"Engaging on Twitter is the new lead nurturing."
4) If they follow you back, you can DM them
You should follow every prospect who provided you with
their Twitter handle. Some may follow you back right away, while others might
wait until they’ve had meaningful interactions with you (see point number 3
above). When they do follow you back, you’re given the “privilege” of sending
them a Direct Message (DM) on Twitter.
Make sure you
treat this privilege
accordingly, as it can be taken away. If you behave badly, the user can report
you (as a spammer). Or even simpler, they may choose to unfollow you.
Side note: I know some Twitter users who respond quicker
to a Direct Message than an email to their work address.
5) You can see what they’re saying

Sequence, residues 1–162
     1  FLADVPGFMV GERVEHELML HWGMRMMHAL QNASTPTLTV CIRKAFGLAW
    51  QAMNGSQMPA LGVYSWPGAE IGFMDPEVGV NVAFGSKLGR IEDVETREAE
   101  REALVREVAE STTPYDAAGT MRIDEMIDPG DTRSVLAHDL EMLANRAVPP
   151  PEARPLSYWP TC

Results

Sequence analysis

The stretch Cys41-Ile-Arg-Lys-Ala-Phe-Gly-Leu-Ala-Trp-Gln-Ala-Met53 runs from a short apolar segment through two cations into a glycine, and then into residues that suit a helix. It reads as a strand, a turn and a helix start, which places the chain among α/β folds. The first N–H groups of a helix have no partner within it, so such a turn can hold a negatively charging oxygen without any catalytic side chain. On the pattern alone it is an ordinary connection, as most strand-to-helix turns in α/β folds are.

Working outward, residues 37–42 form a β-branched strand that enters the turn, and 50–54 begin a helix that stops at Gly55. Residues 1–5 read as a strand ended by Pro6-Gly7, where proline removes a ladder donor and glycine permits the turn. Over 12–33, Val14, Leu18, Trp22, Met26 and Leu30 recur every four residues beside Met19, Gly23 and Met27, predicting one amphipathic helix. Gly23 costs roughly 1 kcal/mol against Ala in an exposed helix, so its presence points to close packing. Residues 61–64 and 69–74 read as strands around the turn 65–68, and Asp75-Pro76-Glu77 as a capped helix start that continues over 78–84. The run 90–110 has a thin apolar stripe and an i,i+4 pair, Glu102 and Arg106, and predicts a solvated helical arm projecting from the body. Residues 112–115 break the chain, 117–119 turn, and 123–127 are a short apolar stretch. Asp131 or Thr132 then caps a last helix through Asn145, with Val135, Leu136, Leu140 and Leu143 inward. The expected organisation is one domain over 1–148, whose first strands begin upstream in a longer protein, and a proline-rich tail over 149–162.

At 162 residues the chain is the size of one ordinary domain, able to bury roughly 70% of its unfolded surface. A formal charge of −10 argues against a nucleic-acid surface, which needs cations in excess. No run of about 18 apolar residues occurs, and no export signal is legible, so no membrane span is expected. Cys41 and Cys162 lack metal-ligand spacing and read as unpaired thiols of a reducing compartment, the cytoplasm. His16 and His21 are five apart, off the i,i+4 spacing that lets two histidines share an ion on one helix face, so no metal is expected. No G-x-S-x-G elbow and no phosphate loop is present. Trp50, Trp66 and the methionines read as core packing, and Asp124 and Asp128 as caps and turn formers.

Assuming users aren’t using protected accounts (i.e. to
see their tweets, you have to be approved by them), you can see everything the
prospect is tweeting about. It’s fascinating, really: you get to learn about
their hobbies, their interests, what they’re reading, what their kids are
eating and more. Occasionally, you’ll learn key facts that can help you advance
the sales cycle (e.g. learning about a pain point with a competitor’s
6) You can search the past
advanced search capability. Did you know it provides sentiment analysis options?
As if the present wasn’t good enough, you can also search
the past! Twitter has basic and advanced search capabilities, which allow you
to see all the wonderful nuggets your prospects have tweeted about in the past.
Want to know why your prospect chose a competitor’s offering? A tweet from 18
months ago may hold the answer.
7) You can establish trust and build a relationship
It’s necessary to earn someone’s trust before they’ll buy